Salvador de Bahia
Writer Jorge Amado’s working-class heroes
In 1549, Tome de Souza anchored in the Bay of All Saints and founded Salvador de Bahia, the first capital of Brazil. For centuries, the city prospered on sugar cane and slave trade, becoming the largest slave market ever. Drawing on the benefits of colonial trade, Salvador became one of the most radiant cities of the Americas.
Today, eventhough most of the city has been classified UNESCO World Heritage, and its carnival is the most appreciated in Brazil (before Rio de Janeiro), it's the humble people of Salvador who make the city a vibrant and poignant place, not the usual Brazilian stereotypes of soccer, beaches and pretty girls.
Even after Jorge Amado’s death, life in São Salvador de Bahia de Todos os Santos, the Bay of All Saints, is still like something out of a novel. Amado was the chronicler of the city he loved, and he wrote profusely about her. His books demonstrate a deeply rooted respect for the people and a fascination for the stories of their lives, rooted in violence but also full of laughter and sensuality. Besides an original presentation of Bahia, the feature is also a tribute to Jorge Amado. Street life and house interiors, sugar cane cutters, the impressive elevator which slices the city in two, separating the upper and the lower classes, the wealthy areas in the heights of the burg and the poor downtown, the boxers, bars, prostitutes and candomble, the Afro-Brazilian cult, the main religion in this country: these snapshots await the visitors who get off the beaten track. The voice of Jorge Amado, the people’s troubadour who lived in this city, was exiled and finally came back to die, still echoes in the streets, the atmosphere and the lives of the people of Salvador de Bahia.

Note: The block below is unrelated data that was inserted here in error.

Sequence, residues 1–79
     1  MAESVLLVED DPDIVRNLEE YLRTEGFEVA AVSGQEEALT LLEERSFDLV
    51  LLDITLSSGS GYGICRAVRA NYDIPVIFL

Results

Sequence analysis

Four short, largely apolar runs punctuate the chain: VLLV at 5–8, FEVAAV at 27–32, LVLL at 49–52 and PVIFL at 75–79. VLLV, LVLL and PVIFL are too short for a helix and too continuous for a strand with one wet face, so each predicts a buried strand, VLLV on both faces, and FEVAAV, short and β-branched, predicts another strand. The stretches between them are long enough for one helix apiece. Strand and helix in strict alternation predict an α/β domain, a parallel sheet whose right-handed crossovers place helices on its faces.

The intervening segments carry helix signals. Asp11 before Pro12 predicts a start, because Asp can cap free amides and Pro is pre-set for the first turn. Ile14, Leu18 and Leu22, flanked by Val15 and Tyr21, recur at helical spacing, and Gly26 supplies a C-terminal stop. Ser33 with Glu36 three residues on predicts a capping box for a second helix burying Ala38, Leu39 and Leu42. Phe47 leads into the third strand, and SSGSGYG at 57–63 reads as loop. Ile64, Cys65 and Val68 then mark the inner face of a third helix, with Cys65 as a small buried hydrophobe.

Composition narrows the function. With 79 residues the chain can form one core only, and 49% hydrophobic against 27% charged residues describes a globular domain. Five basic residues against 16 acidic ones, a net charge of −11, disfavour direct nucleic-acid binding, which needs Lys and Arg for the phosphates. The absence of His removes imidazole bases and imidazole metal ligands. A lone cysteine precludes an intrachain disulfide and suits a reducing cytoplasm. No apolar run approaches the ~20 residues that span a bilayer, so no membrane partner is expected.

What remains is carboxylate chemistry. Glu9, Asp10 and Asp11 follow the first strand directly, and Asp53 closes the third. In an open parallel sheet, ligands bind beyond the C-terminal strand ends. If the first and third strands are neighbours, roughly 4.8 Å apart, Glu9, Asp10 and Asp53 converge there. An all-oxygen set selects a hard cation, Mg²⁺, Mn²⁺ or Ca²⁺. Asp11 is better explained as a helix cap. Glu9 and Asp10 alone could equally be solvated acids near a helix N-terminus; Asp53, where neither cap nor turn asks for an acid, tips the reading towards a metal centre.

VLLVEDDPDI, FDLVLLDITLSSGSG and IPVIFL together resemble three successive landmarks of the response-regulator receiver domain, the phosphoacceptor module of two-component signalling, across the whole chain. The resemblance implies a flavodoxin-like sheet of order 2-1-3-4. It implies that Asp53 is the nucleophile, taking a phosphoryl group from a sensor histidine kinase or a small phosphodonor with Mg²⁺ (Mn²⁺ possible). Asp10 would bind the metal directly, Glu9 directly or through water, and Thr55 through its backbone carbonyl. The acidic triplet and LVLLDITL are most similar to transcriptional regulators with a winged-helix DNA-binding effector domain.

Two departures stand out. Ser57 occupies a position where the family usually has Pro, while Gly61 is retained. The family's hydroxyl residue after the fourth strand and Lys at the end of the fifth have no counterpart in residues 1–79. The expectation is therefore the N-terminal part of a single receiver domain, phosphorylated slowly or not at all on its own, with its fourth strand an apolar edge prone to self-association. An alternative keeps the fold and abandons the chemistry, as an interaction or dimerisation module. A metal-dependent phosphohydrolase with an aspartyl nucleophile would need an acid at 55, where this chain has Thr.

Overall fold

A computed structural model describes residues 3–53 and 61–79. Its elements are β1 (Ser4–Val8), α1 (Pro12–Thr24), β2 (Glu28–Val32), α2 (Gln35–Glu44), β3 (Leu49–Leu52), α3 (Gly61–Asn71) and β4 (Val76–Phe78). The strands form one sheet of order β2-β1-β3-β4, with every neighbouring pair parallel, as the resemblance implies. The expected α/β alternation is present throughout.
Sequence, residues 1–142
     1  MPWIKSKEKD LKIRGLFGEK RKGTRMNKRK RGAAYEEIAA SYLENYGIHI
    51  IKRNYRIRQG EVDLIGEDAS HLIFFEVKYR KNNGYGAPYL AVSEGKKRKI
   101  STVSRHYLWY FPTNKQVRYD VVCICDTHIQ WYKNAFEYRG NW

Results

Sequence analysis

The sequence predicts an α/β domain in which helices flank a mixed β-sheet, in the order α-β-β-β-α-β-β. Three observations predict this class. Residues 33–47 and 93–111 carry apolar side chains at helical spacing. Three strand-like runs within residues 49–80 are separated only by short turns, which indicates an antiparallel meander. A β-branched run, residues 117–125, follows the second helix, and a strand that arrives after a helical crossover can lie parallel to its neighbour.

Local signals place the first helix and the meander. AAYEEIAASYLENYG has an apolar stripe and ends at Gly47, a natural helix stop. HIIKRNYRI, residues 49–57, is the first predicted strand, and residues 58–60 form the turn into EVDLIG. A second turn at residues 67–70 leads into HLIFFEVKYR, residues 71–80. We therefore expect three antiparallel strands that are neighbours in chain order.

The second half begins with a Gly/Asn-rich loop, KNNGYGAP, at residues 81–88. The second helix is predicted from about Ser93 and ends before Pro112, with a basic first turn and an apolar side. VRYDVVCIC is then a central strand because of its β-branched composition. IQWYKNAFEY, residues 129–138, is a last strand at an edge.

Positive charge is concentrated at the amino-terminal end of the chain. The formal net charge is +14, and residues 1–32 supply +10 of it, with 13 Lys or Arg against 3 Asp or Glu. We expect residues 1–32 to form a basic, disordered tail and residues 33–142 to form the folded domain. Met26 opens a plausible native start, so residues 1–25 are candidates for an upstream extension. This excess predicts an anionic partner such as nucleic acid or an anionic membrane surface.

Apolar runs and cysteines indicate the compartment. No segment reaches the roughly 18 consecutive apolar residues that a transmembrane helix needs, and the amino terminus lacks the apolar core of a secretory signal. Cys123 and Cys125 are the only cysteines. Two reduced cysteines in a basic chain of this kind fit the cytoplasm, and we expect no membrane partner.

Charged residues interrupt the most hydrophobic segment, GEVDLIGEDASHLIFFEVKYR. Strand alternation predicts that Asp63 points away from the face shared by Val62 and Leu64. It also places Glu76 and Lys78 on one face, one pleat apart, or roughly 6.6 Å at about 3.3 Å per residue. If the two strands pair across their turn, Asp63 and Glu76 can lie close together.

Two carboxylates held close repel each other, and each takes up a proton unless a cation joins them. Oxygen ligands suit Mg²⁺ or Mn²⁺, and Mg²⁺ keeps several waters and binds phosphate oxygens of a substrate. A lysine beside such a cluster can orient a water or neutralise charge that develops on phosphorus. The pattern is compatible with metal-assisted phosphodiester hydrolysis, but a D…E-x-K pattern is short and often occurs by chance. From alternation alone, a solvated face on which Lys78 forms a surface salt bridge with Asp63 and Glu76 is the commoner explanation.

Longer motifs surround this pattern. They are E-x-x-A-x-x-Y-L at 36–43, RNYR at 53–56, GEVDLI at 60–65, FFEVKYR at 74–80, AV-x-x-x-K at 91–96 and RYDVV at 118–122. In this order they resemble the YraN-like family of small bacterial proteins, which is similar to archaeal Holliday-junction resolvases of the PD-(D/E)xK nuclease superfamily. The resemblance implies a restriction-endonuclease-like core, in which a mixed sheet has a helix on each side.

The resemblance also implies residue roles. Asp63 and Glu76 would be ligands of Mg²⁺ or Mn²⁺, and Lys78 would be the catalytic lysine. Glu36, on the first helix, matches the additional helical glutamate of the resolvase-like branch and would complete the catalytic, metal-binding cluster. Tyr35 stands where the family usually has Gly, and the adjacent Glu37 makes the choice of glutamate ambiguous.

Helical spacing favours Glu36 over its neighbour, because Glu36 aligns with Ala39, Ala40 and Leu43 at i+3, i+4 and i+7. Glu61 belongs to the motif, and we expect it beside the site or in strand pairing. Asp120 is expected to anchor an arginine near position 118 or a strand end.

The story is structured in such a way that almost every picture refers to a sentence, an extract, a place or a character in one of Jorge Amado’s books.
The boxer Balduino, protagonist of the book “Bahia of All Saints”, first published in 1935, is not dead. Mae Preta (which literally translates as the black mother), the prostitute with whom the author was befriended, has become an old, white-haired lady, and although she no longer really works the streets, she does take in abandoned children and still likes to strum on her guitar. The famous elevator still works, and continues to represent the social fracture dividing the country.